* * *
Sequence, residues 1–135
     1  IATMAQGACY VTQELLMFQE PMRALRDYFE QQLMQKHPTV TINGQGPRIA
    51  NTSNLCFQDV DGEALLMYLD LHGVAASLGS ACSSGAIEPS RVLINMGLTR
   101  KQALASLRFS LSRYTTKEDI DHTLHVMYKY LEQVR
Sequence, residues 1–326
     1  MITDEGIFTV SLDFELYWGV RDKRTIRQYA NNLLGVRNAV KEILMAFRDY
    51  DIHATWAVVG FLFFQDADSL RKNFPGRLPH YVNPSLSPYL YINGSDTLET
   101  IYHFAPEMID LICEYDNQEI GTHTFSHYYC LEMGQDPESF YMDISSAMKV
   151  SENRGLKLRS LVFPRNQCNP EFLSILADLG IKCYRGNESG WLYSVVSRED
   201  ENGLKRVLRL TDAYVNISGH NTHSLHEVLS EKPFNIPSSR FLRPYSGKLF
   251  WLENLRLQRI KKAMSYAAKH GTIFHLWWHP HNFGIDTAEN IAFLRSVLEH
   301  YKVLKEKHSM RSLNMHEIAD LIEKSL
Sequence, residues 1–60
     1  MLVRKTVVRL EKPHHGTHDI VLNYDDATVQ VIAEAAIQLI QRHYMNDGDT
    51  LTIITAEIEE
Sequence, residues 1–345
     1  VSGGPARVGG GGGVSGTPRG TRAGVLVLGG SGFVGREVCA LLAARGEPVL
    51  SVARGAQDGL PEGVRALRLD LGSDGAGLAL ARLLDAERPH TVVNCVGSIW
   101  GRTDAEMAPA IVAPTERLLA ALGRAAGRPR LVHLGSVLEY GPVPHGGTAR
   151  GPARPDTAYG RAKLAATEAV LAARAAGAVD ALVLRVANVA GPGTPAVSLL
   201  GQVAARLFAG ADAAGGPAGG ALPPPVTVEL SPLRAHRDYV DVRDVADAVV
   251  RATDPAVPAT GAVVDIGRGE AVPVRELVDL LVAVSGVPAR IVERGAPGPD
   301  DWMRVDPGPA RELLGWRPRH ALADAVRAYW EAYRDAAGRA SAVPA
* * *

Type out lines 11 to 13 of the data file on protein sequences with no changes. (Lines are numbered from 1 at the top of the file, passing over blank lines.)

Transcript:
   251  WLENLRLQRI KKAMSYAAKH GTIFHLWWHP HNFGIDTAEN IAFLRSVLEH
   301  YKVLKEKHSM RSLNMHEIAD LIEKSL
Sequence, residues 1–60